Accounting for the future

By James Whitmore

Prof Naomi Soderstrom has always been interested in environmental issues. Her research uses mainstream accounting to address climate change.

In April 1970, 20 million Americans took the streets to call for a healthy and sustainable environment on the first ever Earth Day. Among them was Naomi Soderstrom, now Professor and Deputy Head of Accounting in the Faculty of Business and Economics. Although her PhD training was focused on traditional accounting research, her upbringing and work in places with a strong environmental focus have made a lasting impression on her.

Environmental awareness has been an important theme in her research and teaching. She applies mainstream accounting research methods to explore sustainability accounting.

Currently, one of her main areas of research looks at how companies report climate risk and how stock market participants respond to a firm’s exposure to climate-related threats.

Climate risk

Since 2010, companies in the US have increasingly disclosed information about their exposure to climate risk. Prof Soderstrom has used these disclosures to investigate how the stock market values climate risk. Climate risk affects companies from many different industries. For example, companies in the food and beverage industry report high levels of climate risk due to their long supply chains, which are vulnerable to natural hazards such as flooding or storms.

In one study, Prof Soderstrom found that immediately following the 2016 election of President Donald Trump, companies with greater exposure to climate risk did better on the stock market. This is likely because before the election, Trump promised to withdraw the US from the Paris Climate Agreement. His election sent a signal that the US was not going to impose costly regulations on companies to help address climate change.

Conversely, in another study, she found that after natural disasters such as flooding or Hurricane Katrina, the market reacted more negatively to companies with high climate risk.

Prof Soderstrom says that one of the purposes of her research is getting business and accountants to think about the future.

“A lot of accounting tends to look backwards at what happened over the last period, but what we're trying to do is figure out how to get companies to understand that they need to incorporate some of these future and potential incidents and risks into the way that they make decisions.”

“I want companies to be making decisions with a more complete information set. While at heart, I'm very environmentally oriented, I understand business. I want to be sure that we're getting the proper information to the decision makers and then they can figure out the right decision.”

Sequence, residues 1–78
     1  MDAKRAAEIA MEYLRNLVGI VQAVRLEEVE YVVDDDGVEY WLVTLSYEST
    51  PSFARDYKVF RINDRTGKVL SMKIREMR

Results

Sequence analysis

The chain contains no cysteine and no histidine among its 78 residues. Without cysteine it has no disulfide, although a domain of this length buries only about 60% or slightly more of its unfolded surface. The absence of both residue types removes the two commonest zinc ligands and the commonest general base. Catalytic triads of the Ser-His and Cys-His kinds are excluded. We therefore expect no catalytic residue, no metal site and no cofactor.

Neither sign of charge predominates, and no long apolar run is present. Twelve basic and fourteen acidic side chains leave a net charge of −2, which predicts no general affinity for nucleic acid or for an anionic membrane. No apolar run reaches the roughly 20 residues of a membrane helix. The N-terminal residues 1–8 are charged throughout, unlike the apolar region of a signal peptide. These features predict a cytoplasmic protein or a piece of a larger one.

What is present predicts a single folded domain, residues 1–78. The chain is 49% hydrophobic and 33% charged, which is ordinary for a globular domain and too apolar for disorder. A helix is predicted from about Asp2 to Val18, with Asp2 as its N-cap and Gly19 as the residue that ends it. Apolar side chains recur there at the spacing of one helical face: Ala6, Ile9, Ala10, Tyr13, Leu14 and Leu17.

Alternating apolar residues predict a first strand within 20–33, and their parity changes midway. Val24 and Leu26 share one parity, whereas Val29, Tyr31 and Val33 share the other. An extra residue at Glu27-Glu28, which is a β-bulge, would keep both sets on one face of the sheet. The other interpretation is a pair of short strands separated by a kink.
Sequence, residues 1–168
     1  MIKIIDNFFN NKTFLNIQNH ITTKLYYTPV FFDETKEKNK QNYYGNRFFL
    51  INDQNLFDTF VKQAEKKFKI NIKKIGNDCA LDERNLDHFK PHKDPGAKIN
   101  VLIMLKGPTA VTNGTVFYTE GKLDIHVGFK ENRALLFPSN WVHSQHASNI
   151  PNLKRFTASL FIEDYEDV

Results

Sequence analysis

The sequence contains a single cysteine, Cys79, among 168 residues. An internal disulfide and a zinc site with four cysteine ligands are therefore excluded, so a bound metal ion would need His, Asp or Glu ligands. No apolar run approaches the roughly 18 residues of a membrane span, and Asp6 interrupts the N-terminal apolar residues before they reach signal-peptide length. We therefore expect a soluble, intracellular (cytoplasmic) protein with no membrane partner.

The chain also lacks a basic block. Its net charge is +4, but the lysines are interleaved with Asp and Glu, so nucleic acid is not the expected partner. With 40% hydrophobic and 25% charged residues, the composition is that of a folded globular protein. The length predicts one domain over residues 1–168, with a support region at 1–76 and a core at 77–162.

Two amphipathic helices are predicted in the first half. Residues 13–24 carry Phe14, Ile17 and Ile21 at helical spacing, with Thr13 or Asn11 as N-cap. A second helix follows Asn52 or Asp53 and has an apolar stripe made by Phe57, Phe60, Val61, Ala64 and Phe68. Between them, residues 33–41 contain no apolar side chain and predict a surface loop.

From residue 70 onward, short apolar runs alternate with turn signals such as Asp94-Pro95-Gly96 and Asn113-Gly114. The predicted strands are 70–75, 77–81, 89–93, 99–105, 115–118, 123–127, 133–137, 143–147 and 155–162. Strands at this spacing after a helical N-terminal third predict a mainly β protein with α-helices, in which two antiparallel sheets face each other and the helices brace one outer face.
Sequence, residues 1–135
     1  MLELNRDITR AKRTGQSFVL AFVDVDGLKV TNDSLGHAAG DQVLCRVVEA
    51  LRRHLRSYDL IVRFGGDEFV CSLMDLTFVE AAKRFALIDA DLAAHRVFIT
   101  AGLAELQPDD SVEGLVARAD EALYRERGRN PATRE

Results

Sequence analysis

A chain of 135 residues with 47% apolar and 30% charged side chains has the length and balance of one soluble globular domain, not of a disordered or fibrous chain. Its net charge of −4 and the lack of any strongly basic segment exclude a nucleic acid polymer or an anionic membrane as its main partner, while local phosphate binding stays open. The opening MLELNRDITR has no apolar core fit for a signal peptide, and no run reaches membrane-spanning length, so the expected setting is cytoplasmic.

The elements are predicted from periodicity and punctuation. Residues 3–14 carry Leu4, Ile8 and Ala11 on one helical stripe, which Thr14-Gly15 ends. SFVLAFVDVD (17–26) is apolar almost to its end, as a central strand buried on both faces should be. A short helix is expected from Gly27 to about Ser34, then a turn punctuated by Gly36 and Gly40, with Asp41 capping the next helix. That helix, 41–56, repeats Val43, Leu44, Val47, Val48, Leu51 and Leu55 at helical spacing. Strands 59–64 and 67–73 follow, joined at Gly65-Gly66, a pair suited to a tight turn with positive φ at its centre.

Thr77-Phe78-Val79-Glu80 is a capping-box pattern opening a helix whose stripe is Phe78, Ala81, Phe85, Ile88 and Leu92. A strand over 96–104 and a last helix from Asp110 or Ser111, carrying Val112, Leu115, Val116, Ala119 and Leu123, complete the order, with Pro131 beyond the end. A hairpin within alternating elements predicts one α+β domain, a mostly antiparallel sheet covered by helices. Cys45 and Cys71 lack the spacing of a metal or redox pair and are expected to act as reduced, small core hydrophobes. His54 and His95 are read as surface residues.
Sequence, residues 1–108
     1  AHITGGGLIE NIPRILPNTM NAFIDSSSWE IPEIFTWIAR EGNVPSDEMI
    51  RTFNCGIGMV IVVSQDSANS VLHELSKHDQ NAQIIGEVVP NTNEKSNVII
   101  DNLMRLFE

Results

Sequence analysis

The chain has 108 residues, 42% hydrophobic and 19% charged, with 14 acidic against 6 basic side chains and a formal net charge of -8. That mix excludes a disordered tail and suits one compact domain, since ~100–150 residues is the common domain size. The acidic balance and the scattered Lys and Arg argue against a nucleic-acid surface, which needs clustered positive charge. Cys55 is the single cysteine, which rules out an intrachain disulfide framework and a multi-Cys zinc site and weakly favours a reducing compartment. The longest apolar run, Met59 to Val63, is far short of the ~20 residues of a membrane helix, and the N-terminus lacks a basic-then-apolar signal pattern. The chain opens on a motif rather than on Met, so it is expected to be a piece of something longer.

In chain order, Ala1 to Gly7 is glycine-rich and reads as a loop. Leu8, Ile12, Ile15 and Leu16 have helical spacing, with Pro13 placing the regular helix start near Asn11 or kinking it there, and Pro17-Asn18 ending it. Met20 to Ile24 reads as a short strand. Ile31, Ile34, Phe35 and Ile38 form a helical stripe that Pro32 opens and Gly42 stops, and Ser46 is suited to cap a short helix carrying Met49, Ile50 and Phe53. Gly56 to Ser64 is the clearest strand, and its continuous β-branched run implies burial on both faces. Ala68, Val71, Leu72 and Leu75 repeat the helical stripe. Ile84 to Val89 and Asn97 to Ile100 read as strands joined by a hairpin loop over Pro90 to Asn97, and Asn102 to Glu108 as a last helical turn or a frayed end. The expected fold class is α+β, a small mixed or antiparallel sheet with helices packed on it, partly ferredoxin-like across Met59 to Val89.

Prof Soderstrom in Israel.

Down under

After growing up in Oregon, Prof Soderstrom was awarded her PhD from Northwestern University, Illinois, in 1990. After graduation, she developed and delivered one of the country’s first environmental accounting courses with a colleague at the University of Washington. She has taught similar courses at several universities, including the University of Colorado at Boulder. She is currently responsible for the Sustainability Accounting curriculum for the University of Melbourne.

Prof Soderstrom grew up in an academic family and finds academic life very rewarding.

“I like teaching and interacting with students, as well as learning from practice. I have had many opportunities to travel, which I greatly enjoy, and travel has broadened my perspective. I love the variety in my job—no two days are the same!”

In 2012 she moved to Australia and joined the Faculty’s Accounting department. She was drawn to the department’s team of senior management accounting researchers and the location in Melbourne. The city’s food, multiculturalism, and short flights to the Asia-Pacific are major drawcards for her.

Recently she’s been working on a project at the city’s Royal Botanic Gardens. Through collaboration with researchers from the University’s School of Ecosystems and Forestry Sciences, the team has developed a metric for carbon sequestration.

Trees capture carbon dioxide from the air, sequestering the carbon in their wood for decades or longer. Many companies and governments are increasingly interested in trees as a way of offsetting carbon emissions elsewhere in the economy or drawing carbon out of the atmosphere.

“If you have a company or council that's trying to decide whether to plant trees on their grounds, or if they want to purchase some offsets, we have a means of helping them understand and argue for the level of sequestration that's likely to happen.”

Trees capture carbon dioxide from the air, sequestering the carbon in their wood.

Cyber crime

Another current area of Prof Soderstrom’s research analyses business exposure to cyber security risks. One project develops a measure of cybersecurity mitigation from company disclosures. Results from the project indicate that firms scoring lower on the measure are more likely to have proprietary information leaked to the stock market.

While the big news stories about cyber attacks tend to be about breaches, Prof Soderstrom says that the threat of information leakage is more insidious.

“Hackers are getting access to proprietary information inside of companies prior to earnings announcements. They then can benefit by trading on the information themselves, or by selling or giving it to what we call ‘digital insiders’.”

Whether it’s cyber crime or climate change, Prof Soderstrom is an accounting researcher with an eye to the future.

Banner image: Oregon forest from Shutterstock.